An avid reader, Ericka devoured books from the library.
“If I didn’t like the ending of a book, I would rewrite it,” she says. “I was good at rhyming poetry, and I wrote songs for school plays.” She also wrote obituaries for people who died in her village. “The average age there was about 80. I also wrote poems for the graves of our rabbits and hamsters.”
Ericka suffered from anxiety as a teenager and didn’t manage well in exams.
“I left school after GCSE and fell into marketing. But 11 years ago, when I was pregnant with my second child, my friend had an aneurysm at work, in front of me, and died leaving three young children. I thought, I’ve got to grasp life now.”
She trained as a journalist and began to write blogs and an award-winning weekly column for Brighton’s newspaper, the Evening Argus. She wrote an unpublished novel, and then got accepted onto a Faber Academy course by submitting the first chapter of Dog Days.
“I wrote the book while I was there.”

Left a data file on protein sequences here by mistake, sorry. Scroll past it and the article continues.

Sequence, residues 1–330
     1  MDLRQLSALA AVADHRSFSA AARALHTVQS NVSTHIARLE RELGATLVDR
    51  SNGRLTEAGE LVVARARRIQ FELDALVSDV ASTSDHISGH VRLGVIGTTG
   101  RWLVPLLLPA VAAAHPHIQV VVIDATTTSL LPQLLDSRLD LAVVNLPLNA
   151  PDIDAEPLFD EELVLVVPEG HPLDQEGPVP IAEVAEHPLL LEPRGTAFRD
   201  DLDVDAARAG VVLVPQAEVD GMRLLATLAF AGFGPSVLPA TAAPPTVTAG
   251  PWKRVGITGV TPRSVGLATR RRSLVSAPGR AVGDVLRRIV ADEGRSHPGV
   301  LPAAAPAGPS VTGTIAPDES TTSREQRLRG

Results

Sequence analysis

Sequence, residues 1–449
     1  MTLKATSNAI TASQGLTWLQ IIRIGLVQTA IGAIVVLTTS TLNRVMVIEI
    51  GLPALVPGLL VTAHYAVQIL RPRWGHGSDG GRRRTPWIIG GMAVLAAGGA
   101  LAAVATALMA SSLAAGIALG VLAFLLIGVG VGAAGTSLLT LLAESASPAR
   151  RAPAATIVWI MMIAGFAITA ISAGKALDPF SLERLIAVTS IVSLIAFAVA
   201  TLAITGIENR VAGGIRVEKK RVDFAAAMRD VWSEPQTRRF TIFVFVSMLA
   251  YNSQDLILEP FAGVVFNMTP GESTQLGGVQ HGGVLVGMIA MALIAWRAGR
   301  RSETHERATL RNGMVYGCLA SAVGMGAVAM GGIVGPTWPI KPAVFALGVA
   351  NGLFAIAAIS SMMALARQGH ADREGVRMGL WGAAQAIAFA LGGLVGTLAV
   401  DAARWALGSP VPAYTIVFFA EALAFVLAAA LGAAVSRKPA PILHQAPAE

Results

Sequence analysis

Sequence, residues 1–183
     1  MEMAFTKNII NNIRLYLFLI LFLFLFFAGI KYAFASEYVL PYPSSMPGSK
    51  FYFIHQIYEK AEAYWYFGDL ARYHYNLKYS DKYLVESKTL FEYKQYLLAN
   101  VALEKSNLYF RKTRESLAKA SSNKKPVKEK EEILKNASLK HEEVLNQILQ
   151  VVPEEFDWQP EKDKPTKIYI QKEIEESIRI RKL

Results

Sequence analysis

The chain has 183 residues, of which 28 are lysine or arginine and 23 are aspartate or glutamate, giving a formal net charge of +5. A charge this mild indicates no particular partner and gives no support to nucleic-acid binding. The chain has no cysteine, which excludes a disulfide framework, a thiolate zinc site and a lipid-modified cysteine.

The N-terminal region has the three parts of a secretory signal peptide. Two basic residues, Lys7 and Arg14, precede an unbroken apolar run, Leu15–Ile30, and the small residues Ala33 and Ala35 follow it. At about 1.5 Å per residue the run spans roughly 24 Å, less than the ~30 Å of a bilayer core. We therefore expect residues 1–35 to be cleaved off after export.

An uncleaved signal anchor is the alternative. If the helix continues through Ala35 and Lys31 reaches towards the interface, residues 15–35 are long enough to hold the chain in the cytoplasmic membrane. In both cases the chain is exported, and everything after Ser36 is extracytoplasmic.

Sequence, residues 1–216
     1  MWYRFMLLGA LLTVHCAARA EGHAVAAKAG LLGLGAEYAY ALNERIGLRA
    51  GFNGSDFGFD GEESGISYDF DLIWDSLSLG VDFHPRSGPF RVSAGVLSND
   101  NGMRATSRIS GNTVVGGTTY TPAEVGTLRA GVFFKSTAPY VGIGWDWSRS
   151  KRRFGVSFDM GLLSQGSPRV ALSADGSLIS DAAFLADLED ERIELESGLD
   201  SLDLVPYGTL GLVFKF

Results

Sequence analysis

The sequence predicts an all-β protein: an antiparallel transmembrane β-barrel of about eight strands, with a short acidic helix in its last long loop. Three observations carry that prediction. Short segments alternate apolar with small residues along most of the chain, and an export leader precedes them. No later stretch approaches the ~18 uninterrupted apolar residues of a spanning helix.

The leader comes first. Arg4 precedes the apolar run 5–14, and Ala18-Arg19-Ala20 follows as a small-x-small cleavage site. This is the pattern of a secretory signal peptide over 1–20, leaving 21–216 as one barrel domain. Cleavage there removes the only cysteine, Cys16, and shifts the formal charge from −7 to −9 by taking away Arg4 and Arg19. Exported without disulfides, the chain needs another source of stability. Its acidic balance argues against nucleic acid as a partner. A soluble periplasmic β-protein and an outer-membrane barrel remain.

After a professional edit, Ericka gained her choice of agent, and garnered a good pre-emptive two book deal. Dog Days also sold to America and Italy.
Who is Ericka Waller?
Date of birth: 1981 in Hertfordshire.
Education: Ashlyns School in Hertfordshire.
Home: Brighton. “I just love it here.”
Family: Husband James, Grace, 13, Daisy 11, and Bliss, 10.
The Day Job: Fulltime writer.
In Another Life: “I’ve always wanted to pick music for films.”
Favourite Writers: Lissa Evans; Katherine Heiny; Anne Tyler; Clare Chambers; Mary Beth Keane; Frederik Backman; Ronan Hession.
Second Novel: “I’ve had a stab at a few and am working on an idea.”
Top Tip: “Don’t give up, and don’t join Twitter.”
The Debut: Dog Days. Doubleday: €15.36. Kindle: €10.99.
The cantankerous George is angry because his wife has died and left him; Dan is too shy to succumb to love; and Lizzie, living in a shelter with her small son, is hiding a shocking secret. The three are linked by the dogs, who, wanted or not, force them out of doors to the Beacon.
The Verdict: A glorious read full of love and humour, yet there are dark issues at its base.
Published in the Irish Examiner, on 20th March
© Sue Leonard. 2021